Disney+ breaks the 100 million paid subscriptions mark
The streaming service of US entertainment giant Disney has passed the 100 million paying subscriber mark. Chief executive Bob Chapek spoke of a “tremendous success” at Tuesday’s virtual shareholder meeting – saying Disney+ had reached the milestone in just around 16 months. The online video service had launched in the US in November 2019 and is now receivable in 59 countries.
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So far, Disney’s streaming business has not generated any profits, and despite the impressive growth, the gap to the market leader Netflix remains large. The streaming pioneer had also made strong gains in the pandemic and already counted almost 204 million paying unique users at the end of the year.
Netflix has been around much longer and is represented in many more countries, but it is unlikely to be any easier for Disney to catch up in the future. Netflix is trying to keep the competition at bay with an enormous production budget. Besides, the strong start of Disney+ was also largely due to favourable prices and limited-time loss-leader offers. In addition to the service under its brand, Disney also operates the streaming services Hulu and ESPN+.
Disney shares ended Tuesday’s trading on the NYSE, 3.54 per cent weaker at 194.76 US dollars. However, only the day before, it had reached a record high of 203 US dollars, which meant a plus of almost 60 per cent since the chart breakout from the sideways trend in November.
Tesla share price jumps sharply
The electric car manufacturer Tesla shares, which have recently come under pressure, started to recover on Tuesday.
On Friday, they had slipped below the 540 US dollar mark. By comparison, they had risen to a record high of 900 dollars as recently as January. This means that they had lost 346 billion dollars in market value within about two months because investors had recently cashed in on the tech stocks that had run strongly during the Corona crisis. Tesla is currently worth a good 648 billion dollars on the stock market.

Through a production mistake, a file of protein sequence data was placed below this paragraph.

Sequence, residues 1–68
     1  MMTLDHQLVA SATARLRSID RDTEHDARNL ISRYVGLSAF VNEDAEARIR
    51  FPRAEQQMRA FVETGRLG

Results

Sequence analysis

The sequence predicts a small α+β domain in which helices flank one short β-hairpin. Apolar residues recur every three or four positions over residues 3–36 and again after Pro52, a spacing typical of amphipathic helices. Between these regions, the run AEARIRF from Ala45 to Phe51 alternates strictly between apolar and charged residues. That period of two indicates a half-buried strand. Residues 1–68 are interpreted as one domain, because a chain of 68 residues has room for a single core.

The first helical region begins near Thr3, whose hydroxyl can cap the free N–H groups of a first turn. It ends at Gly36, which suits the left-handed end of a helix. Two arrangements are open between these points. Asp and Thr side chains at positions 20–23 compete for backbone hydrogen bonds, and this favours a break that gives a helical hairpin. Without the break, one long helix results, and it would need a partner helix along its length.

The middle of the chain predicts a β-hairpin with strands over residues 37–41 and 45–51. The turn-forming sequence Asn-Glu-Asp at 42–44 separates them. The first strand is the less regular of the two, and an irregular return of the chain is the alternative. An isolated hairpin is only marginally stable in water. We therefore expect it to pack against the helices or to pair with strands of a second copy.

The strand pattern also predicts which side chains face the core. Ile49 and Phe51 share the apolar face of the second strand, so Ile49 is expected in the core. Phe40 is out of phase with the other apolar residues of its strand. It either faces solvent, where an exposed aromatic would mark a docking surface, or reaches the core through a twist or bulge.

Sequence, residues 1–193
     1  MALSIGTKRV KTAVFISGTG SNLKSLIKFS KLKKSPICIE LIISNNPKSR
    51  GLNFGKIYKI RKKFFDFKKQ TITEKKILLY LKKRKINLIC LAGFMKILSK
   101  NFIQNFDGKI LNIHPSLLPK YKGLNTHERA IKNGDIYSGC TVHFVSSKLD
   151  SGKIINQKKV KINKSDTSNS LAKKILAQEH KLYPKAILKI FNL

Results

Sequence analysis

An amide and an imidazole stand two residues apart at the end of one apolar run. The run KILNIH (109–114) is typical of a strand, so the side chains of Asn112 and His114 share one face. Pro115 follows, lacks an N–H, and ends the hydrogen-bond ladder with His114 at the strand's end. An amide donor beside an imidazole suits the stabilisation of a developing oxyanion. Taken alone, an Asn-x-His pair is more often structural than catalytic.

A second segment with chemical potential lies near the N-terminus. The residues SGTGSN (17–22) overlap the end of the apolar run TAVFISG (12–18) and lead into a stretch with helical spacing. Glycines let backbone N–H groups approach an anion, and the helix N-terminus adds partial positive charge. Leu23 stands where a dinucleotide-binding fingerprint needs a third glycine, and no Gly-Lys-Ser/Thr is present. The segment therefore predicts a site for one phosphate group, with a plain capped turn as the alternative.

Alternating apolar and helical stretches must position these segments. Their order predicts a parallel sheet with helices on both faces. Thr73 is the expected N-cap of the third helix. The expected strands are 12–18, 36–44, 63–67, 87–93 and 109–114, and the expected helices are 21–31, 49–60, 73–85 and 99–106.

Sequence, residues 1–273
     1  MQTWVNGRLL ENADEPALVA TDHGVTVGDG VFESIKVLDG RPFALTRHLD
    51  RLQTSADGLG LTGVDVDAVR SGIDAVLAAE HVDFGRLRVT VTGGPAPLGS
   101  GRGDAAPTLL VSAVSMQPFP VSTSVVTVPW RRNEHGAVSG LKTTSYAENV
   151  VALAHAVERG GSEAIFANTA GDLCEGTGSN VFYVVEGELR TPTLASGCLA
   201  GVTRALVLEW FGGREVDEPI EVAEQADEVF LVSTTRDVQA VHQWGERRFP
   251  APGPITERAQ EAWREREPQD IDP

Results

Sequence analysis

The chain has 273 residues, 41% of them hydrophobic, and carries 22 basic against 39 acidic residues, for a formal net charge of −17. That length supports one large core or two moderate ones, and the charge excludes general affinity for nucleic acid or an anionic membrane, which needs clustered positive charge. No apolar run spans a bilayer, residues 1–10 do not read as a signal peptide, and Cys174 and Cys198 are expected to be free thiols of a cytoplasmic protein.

At the end of January, the company led by Elon Musk disappointed investors with its business figures. Since then, the air has been out of the shares. Although Tesla had achieved its sixth consecutive quarter in the black and closed an entire calendar year with a profit for the first time, this was not enough for Tesla investors who were used to success. With the price jump of 19.64 per cent to 673.58 US dollars on the NASDAQ, the shares have only made up for the losses since the beginning of March.
Boeing with increasing orders
Boeing saw the new business rise in February for the first time in 14 months. The aircraft manufacturer recorded 82 orders for wide-body aircraft and 737-MAX jets. Customers continue to cancel and postpone orders due to pandemic-related air travel restrictions, but as the 737-MAX is once again allowed to fly, the aircraft manufacturer’s overall deliveries are increasing.
Boeing’s February order intake included 27 KC-46A military tankers, a VIP version of the jumbo 747-8 that had previously gone unsold, and 54 commercial aircraft.
Singapore Airlines ordered 11 Boeing 777Xs, converting an earlier order for 19 of the smaller 787-10 aircraft, while unnamed customers ordered four more Dreamliners. United Airlines agreed to purchase a further 25 MAX jets, with 14 more ordered by unnamed customers. Canada’s Westjet cancelled orders for 32 MAX aircraft. Boeing succeeded in securing 16 orders, which were considered unclear in the meantime due to financial bottlenecks on the part of the buyers.
Boeing shares temporarily rise by 2.98 per cent to 230.79 US dollars in NYSE trading.
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